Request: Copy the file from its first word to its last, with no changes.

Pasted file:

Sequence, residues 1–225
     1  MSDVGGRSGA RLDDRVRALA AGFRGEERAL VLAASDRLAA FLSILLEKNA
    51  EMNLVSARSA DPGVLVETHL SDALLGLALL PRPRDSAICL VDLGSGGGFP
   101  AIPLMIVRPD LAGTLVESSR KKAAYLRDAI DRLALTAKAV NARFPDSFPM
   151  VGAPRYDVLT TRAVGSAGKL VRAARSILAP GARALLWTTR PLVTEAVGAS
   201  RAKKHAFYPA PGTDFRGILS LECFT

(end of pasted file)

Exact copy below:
Sequence, residues 1–225
     1  MSDVGGRSGA RLDDRVRALA AGFRGEERAL VLAASDRLAA FLSILLEKNA
    51  EMNLVSARSA DPGVLVETHL SDALLGLALL PRPRDSAICL VDLGSGGGFP
   101  AIPLMIVRPD LAGTLVESSR KKAAYLRDAI DRLALTAKAV NARFPDSFPM
   151  VGAPRYDVLT TRAVGSAGKL VRAARSILAP GARALLWTTR PLVTEAVGAS
   201  RAKKHAFYPA PGTDFRGILS LECFT